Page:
There’s a class of criticism of Atheism+ that says, “Oh, they shouldn’t co-opt the word ‘atheist’. They should just call themselves what they are, ‘Feminism+’.” Or “We wouldn’t be so upset if they’d just be honest and call themselves, ‘Feminism+’.” We’re not really atheists, you see. Because we’re feminists. And if we don’t clearly label themselves as feminists–instead of atheists–we’re being dishonest and misleading the people watching them.
It took me a while, but I finally figured out what was so familiar about it. It’s the one-drop rule rewritten for our situation.
Now, before we go any further, let’s set out the limits of this analogy. Noting that these ideas have common intellectual underpinnings and implications does not mean that they have similar consequences or that the social milieus in which they happen contain similar threats.
What is does do is strongly suggest that “atheism” is a word that conveys certain…yeah, that’s right: privileges. It further implies that feminism is to be viewed as a taint that disqualifies one from claiming those privileges.
What are those privileges? I’m not entirely sure, as this atheism purity test has only been around a few weeks in its current, blatant form. I can make some judgments, though, based on the behavior of those who have always been around asking why bloggers don’t stop talking about feminism in favor of only talking about atheism (and science, politics, and logic, which apparently don’t taint atheism).
Atheism confers the privilege to speak and be heard, obviously, because the taint of feminism removes that. It confers some right to consider one’s self superior to the “sheep”, or at least to be considered rational and thoughtful as a default. It confers the privilege of being treated with politeness and even deference by the untainted while simultaneously being abusive. It confers an absolute right to shape the future of our shared movement, irrespective of education or skills.
Atheism, as it turns out, is pretty kick-ass. I want to be an atheist.
Sadly, that will never be. You see, in addition to:
- Hosting a radio show that represents atheists to our local community
- Writing about the power dynamics of religion
- Teaching college students about religious skepticism
- Speaking about science, critical thinking, and secularism at conventions and conferences both inside and outside the movement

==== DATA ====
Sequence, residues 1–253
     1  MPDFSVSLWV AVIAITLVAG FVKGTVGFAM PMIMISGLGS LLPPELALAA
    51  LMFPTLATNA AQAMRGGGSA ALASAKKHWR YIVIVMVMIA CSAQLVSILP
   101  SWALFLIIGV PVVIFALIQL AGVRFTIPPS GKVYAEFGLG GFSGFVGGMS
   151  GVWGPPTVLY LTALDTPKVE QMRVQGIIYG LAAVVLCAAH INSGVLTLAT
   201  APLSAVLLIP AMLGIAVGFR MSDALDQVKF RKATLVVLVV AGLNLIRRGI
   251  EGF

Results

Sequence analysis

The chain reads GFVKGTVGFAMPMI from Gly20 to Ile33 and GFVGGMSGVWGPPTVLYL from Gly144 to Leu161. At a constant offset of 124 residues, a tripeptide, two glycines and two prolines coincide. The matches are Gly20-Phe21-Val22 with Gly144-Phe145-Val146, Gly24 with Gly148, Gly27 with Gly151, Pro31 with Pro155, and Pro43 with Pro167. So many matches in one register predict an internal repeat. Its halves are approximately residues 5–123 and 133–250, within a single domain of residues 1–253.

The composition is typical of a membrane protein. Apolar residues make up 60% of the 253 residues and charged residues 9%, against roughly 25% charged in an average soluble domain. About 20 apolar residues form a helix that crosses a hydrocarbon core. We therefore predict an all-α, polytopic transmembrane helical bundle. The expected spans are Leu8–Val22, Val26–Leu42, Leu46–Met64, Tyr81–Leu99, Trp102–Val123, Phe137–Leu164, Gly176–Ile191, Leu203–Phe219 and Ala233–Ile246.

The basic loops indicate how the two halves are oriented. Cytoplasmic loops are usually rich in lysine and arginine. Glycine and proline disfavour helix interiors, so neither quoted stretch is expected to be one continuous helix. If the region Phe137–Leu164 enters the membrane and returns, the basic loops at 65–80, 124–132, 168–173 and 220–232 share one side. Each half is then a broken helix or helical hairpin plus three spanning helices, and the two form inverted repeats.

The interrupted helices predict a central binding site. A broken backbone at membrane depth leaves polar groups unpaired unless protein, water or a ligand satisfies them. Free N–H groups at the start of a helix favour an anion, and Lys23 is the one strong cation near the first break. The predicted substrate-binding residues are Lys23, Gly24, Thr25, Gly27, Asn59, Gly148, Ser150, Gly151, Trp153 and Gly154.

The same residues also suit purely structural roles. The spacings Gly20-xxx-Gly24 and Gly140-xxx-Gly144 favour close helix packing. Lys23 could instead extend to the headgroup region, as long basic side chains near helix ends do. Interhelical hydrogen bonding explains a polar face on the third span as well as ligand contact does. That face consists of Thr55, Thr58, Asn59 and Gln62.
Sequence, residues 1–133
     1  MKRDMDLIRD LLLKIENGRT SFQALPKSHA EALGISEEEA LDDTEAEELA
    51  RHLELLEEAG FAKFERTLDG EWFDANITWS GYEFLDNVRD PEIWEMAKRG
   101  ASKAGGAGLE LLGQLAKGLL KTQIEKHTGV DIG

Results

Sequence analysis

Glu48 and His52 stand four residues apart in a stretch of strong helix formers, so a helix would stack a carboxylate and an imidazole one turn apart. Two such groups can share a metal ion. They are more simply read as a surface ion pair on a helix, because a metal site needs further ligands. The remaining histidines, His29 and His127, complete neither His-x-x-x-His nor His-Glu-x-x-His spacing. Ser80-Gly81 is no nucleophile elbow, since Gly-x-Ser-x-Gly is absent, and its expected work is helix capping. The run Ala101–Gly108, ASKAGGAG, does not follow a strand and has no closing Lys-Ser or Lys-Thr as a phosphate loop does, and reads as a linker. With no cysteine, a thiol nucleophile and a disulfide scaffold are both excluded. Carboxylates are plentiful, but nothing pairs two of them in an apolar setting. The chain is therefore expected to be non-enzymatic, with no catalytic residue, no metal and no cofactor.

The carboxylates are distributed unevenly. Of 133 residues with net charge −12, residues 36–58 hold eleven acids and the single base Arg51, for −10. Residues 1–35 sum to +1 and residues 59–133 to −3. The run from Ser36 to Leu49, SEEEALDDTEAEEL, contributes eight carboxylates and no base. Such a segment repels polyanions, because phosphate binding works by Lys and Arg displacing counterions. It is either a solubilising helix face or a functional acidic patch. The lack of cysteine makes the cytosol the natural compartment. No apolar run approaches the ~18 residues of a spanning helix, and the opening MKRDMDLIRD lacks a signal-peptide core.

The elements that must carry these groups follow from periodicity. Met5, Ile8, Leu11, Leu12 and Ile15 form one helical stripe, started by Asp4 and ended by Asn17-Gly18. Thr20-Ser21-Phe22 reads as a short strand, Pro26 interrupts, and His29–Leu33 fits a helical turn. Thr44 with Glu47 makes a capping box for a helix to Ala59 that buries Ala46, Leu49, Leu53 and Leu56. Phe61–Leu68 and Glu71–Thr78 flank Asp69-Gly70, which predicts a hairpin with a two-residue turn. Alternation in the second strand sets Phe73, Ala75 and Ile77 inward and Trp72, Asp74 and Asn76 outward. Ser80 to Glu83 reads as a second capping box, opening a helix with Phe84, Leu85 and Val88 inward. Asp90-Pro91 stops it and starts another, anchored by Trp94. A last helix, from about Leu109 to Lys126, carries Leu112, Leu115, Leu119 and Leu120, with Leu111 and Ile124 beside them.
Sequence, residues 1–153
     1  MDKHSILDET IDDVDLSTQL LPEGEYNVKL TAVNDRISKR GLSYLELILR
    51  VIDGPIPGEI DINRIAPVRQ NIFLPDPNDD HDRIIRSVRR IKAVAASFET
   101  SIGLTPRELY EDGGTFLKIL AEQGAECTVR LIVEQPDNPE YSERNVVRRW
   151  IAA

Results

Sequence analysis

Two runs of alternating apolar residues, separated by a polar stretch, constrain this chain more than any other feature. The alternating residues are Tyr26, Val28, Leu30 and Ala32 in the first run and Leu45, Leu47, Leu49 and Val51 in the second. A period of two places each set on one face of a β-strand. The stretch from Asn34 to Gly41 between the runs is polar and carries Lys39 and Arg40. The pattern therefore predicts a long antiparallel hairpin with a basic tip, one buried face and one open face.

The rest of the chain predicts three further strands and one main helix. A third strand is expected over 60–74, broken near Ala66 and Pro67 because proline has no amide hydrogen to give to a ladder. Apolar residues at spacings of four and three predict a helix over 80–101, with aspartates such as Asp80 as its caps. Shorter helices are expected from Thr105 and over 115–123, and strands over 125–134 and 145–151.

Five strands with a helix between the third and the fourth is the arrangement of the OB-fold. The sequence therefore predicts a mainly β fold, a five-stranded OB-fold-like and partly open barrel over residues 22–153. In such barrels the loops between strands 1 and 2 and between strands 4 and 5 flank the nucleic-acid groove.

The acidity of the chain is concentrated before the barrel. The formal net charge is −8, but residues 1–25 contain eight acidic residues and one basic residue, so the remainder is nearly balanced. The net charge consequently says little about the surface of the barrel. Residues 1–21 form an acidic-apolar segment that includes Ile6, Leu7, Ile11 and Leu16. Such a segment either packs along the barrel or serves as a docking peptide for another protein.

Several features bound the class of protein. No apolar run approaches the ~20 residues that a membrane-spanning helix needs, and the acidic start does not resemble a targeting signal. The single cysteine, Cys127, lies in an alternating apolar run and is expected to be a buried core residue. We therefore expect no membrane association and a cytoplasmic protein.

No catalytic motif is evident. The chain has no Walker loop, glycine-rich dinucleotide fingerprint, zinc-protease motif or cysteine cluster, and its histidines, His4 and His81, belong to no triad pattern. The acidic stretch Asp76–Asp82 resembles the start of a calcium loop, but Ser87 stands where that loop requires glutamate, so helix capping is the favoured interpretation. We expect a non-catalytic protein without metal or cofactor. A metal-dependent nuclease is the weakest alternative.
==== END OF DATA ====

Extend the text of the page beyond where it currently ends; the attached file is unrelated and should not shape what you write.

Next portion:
- Maintaining membership in several secular organizations
- Raising money for my local atheist group
- Promoting the events of my local atheist group
- Promoting actions people can take to make their voices heard by politicians
- Making sure my political representatives know where I stand on issues of secularism
- Working for and donating to political candidates who oppose the Right’s theocratic inclinations
- Promoting other writers and speakers within the movement
- Writing a blog where people can show up on a daily basis and feel a little less alone
I…where was I? Oh, right. In addition to all those things and some more that I got tired of typing out, I am also a feminist.
Therefore, I am not an atheist. I don’t get to speak and be heard, be assumed to be rational, be entitled to decent treatment, to have a say in how our movement progresses.
Greta Christina, with her popular book on the topic and regular features about atheism on numerous sites? Not an atheist. Jen McCreight, with her seat on the board of the Secular Student Alliance? Not an atheist. Ophelia Benson, with her multiple books and her knack for getting people to look at what is going on in Muslim theocracies? Not an atheist. PZ Myers, with his raft of conversions among readers of his blog who came to argue and stayed to think? Not an atheist.
No, you see, we’re feminists. No matter how much we do as atheists, we’re feminists. If we call ourselves “atheist”, we’re being dishonest. We’re lying. We’re hiding the truth from…whomever the self-proclaimed keepers of those privileges are who are so affronted by the idea that they might hand something to someone unworthy. Someone made unworthy by feminism.
Many of the people who want us to be more “honest” about atheism+ will tell-you they’re not anti-feminist. If that were true, feminism would hold the same place that philosophy or science or secularism has. Feminism is, after all, another common path to accepting atheism. Pointing out the misogyny of most organized religion is another means we use to justify fighting its influence. Important atheist thought and activism came out of the various waves of feminism.
Needless to say, that isn’t the position feminism currently holds within atheism as a movement. The idea of putting feminism in that place is what’s causing the current ridiculous commotion. And whatever people are saying about their feelings about feminism, their actions are telling this: Feminism, to them, is a contaminant. It is a disqualification from participation in atheism, because allowing the two to mix produces something that is no longer pure enough to be called atheism.
And they need us to be honest about feminism so they can continue their quest to push us out.
Image via Surly-Ramics. Used with permission. Some rights reserved.